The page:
The Curse of Gary (Part 75)

From the hall, he entered the fireplace room and took his preferred, non-reflection-casting route to the dining room, where he hurriedly closed the door on the pursuing vampire. It was peaceful in the dining room. He went to the table, pulled out a seat and sat down. After a long look around at the room’s stylish arrangement, he wiped the dust from one of the plates on the table, and then wiped a knife and fork. “I think I’ll sit in here for lunch.” He stood up and replaced the chair. “Huh, who knows? It might make the food taste better.” As he stepped back from the table his foot came down on something rubbery and he stumbled. There was a muffled crunch as Victor tried to keep his footing. His foot slid forward and he fell back onto the carpet.

At his feet the lost python lay injured.

“Oh no, sorry buddy,” said Victor, scrambling to its aid.

It was too late. The snake lived, but just barely. It seemed when Victor had slipped he broke the creature’s spine, halfway along its body, leaving it twisted and paralysed. Now the python laid there, borne on the shoulders of a thousand velvety strands, with nothing to do but flick its tongue and await death. Victor examined the scaly patient, and tried to help it move, but  it was useless. He sat cross-legged on the floor beside it and sighed.

“You took a bullet for me,” he said. “Or a billiard ball at least. I can’t just leave you there.” He climbed to his knees. “It’s for the best,” he explained to the snake.

He stood up and raised his right knee, and then slammed the hard, unforgiving sole of his shoe down upon the snake’s skull. Job done. Victor stepped back, looked down at the flattened reptile head, and gave a respectful nod.

As he watched, gold sparkles blinked here and there on the snake’s scales, increasing like tiny, bright raindrops splashing down until they covered its entire back. With a flash the sparkling ceased, and the snake was gone. Light shone and intensified from the open kitchen door to Victor’s left. He watched it curiously for a second, and then gasped.

“Oh no!” He ran toward it. “Wait!”

The light burst in scintillating glory, and then, just as Victor dived through the doorway, it vanished. Victor skidded on the tiles in a bruising landing, and jumped to his feet. The room was dim, lit by a solitary fat candle on the counter.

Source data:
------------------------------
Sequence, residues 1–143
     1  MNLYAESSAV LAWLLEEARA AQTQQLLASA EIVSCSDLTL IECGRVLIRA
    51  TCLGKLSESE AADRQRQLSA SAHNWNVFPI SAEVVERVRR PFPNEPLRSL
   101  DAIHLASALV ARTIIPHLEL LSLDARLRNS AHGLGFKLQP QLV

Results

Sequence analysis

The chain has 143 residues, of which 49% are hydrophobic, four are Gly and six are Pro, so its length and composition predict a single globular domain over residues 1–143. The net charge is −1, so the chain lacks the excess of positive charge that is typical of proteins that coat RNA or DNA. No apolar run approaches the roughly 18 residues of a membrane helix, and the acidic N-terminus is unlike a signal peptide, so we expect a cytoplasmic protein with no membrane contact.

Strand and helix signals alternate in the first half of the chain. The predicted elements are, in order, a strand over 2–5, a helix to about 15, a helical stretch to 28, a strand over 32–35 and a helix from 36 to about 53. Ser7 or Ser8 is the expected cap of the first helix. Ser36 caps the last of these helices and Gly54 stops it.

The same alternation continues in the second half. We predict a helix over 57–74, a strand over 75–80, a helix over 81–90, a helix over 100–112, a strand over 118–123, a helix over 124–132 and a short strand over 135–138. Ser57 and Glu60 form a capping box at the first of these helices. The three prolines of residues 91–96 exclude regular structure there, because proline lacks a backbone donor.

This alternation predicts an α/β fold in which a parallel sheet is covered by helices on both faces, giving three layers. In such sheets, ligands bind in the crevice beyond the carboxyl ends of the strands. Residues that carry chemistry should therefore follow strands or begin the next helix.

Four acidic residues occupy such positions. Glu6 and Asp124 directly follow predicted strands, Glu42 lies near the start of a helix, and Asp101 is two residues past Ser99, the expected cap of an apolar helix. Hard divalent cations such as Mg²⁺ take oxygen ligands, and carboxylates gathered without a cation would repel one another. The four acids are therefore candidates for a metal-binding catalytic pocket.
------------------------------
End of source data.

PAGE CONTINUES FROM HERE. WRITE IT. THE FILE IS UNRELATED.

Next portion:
“Damn it!” he yelled. “I missed it. The one good thing about being stuck here, and I missed it.” He sat on the floor and hung his head.

After a minute or two of moping he nodded and stood back up. “Come on,” he said to himself. “It’s not so bad. At least there’s no curse in here anymore.” His eyes lit up. “No more curse!”

He ran to the refrigerator and almost tore the door from its hinges, but then reeled back and covered his mouth and nose. The bowl of Brussels sprouts was no longer in the fridge, but what had replaced it was even less appetising. Black and green mould covered most of the items inside and sections of the walls, like a thick coat of fur. The bottom shelf displayed shrunken black nuggets, probably vegetables, like relics in a museum. Burst empty shells filled the egg tray. Something that looked as though it may have been crisp and leafy long ago now lay half-liquefied and set like jelly, amid a collection of festering jars more suited to the laboratory of a mad scientist. Victor kicked the door shut and hunched over, retching.

“Oh man… that’s disgusting.”

He went to the pantry. He took a handkerchief from his pocket and used it to cover his mouth, as if he were a television show detective about to enter week-old murder scene that had just been discovered. He pulled back the door. With a sigh of relief he re-pocketed the handkerchief and stepped into the wide pantry. Like the fridge it was a mould farm, but not as grotesque. The stench was unpleasant but bearable. He looked up at the full but decayed stash of food.

“No Spam at least,” he said. “But is there anything edible?”



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